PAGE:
Secure strategy

Dave DeWalt, CEO and president of McAfee speaks exclusively to Network Middle East about snatching market share from rivals

Tags: MalwareMcAfee IncorporationUnited Arab Emirates
  • E-Mail
Secure strategy
More pics ›
By  Julian Pletts Published  November 1, 2009 Network Middle East Logo

Bolstered by encouraging growth over the first half of this year despite the financial crisis, IT security vendor McAfee is squaring up to market rival Symantec and aiming to snatch more market share. Julian Pletts talks exclusively to CEO and president, Dave DeWalt.

You have presented the ePolicy Orchestrator (ePO)  in Las Vegas - why is it important that enterprises centrally manage their security, particularly in a region like the Middle East where there are a great deal of distributed networks?

The main challenges we have seen in the last few years are driving the demand for a centralised management console. The reason for that is we've seen such a diverse set of attack vectors on cyber-crime and terrorism that if you are a corporation, and are de-centralised as a network, as almost every global national company is, or you are even a small business, you have to understand the threats that you are facing. Some of those threats can come in everything from a USB thumb drive to a computer email to a network on the web. How do you correlate the threats across these vectors? You need to look at it as a single pain of glass and a single view. That is what we are trying to do and we realise McAfee isn't the only company and set of products that can solve this and that is why we have 81 partners integrated into the ePO and we have announced a whole lot more. By creating an integrated framework of third party products to McAfee's, we think that together we can be stronger.

Symantec CEO, Enrique Salem described the competition as Symantec and the seven dwarves. Symantec have a strong tie-ups with OEMs that are worth a great deal to them. Has McAfee been trying to gain a stronger foothold in this important route to market?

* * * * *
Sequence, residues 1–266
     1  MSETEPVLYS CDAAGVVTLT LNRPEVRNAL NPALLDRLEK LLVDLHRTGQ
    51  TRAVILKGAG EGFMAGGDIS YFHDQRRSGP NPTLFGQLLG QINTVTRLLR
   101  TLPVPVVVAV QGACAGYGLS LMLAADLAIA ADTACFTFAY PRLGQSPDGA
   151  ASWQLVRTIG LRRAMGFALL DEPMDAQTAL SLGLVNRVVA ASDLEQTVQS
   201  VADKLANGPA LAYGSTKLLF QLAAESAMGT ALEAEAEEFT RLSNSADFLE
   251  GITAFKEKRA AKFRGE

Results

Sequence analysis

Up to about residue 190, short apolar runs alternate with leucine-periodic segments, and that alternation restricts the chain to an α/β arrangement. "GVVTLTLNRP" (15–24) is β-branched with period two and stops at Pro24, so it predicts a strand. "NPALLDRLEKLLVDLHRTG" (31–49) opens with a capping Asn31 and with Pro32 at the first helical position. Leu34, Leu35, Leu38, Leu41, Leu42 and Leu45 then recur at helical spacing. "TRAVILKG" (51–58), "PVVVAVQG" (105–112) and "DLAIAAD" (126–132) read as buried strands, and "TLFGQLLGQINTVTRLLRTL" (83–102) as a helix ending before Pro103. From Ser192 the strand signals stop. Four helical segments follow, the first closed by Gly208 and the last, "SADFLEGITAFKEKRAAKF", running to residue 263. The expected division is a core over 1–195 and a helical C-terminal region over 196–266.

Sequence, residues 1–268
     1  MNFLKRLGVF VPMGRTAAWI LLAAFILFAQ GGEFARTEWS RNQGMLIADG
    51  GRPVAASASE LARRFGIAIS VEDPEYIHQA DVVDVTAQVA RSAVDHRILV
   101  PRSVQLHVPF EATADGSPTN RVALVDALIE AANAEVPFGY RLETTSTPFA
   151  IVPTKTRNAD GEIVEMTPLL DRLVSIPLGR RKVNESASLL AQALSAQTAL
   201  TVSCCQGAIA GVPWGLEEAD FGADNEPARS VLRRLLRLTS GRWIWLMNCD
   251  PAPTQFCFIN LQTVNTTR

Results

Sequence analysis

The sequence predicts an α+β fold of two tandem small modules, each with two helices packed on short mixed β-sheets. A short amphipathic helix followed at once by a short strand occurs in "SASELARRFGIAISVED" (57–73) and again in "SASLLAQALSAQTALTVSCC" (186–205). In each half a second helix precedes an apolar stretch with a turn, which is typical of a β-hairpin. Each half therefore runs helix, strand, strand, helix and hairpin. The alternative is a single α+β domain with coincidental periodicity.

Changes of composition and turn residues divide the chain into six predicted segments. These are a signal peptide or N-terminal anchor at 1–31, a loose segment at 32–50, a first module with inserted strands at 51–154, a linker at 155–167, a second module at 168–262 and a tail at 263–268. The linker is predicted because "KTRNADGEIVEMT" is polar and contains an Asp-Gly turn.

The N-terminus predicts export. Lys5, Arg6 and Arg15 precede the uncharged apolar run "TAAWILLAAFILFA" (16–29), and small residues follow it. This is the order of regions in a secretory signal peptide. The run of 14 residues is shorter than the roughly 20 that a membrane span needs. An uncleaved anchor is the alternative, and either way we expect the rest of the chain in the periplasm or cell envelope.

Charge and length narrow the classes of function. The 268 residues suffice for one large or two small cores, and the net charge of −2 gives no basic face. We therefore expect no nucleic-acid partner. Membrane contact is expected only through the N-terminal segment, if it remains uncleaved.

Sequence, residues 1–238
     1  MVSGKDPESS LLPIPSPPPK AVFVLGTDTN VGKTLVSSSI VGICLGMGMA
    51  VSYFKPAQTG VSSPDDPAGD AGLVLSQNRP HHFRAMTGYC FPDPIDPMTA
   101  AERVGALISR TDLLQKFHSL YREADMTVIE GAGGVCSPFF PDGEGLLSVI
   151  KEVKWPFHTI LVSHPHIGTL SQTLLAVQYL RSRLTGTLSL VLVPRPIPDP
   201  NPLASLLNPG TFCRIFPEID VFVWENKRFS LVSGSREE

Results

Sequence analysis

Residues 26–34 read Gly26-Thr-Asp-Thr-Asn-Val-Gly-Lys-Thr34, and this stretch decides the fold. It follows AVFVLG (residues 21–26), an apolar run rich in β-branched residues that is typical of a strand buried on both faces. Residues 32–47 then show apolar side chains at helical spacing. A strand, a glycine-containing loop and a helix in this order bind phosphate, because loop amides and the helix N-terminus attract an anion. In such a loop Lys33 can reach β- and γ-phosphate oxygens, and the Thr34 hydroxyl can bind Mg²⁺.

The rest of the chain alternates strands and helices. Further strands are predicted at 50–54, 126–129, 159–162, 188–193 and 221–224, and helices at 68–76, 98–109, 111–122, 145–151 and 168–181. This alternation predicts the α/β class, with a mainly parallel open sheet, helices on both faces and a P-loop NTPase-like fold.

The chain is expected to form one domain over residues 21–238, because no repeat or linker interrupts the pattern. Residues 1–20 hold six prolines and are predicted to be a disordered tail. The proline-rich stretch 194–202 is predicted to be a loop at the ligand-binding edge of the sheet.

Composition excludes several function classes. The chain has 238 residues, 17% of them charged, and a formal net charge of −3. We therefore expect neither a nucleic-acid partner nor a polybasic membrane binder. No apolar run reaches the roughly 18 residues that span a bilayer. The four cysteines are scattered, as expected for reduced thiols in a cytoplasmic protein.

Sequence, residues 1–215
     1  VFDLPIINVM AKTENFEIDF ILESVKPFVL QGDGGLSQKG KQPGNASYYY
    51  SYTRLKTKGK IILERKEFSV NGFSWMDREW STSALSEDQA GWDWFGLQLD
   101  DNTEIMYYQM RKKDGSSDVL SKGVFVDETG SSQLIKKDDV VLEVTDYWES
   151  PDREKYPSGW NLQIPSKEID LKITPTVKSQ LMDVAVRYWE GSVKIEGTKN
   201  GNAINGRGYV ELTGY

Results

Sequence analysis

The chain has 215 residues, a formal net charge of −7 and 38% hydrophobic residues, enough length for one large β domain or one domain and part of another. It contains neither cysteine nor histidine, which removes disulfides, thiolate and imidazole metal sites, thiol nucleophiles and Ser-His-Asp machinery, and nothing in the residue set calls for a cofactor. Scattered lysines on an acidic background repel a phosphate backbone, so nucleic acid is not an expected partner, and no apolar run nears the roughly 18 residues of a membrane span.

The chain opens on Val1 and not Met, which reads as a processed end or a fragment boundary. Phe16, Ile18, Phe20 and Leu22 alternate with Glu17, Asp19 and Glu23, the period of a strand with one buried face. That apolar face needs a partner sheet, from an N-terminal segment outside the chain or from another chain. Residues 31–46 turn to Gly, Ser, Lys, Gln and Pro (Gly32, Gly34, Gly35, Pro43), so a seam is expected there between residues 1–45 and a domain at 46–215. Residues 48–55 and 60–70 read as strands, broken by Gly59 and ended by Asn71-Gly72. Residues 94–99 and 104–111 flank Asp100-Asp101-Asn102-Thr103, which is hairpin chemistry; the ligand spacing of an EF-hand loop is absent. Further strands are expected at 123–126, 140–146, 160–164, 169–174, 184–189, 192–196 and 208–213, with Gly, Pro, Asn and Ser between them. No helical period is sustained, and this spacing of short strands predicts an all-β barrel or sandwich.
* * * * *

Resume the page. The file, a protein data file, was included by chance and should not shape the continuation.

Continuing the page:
Are you trying to push my buttons now? It is a little early in the morning to get the seven dwarves comment! We have a heated rivalry with Symantec and McAfee has grown and we have had 14 consecutive double-digit growth quarters. We have accelerated our growth, in a difficult economy, and a lot of this has come at the expense of market share from our competitors. Analysts have shown that we have just passed Symantec as the number one provider in corporate security. We have grown by staying focused on security and partnering positively with both the channel and the community to create positive security operations. And when it comes to partnerships it is obvious that we have to take a lot of those partners away from our competitors and we have always had a strategy of creating a ubiquity of security. To create ubiquity of our products, we partner in a good strong way, Verizon and partnerships with others really show our strategy of silicon in the satellite. This is creating, embedding and OEMing our technology from the smallest of semiconductors, like we have done with Intel, to the largest of cloud-based computing models, like Verizon's, BT's and Telefonica's. We have been doing a lot of work with the Middle Eastern telecommunications partners who are huge partners of ours as well.

So it is it fair to label McAfee as one of the Seven Dwarves?

Well, obviously that is a pretty interesting comment in content security considering we have now passed them in corporate security. I'm not sure who is the dwarf now but certainly we have gotten even bigger than them in the most important segment - corporate.

You reported strong second quarter results earlier this year of US$469 million in revenue. What is it about your strategy that you think has allowed McAfee to grow in a very tough climate?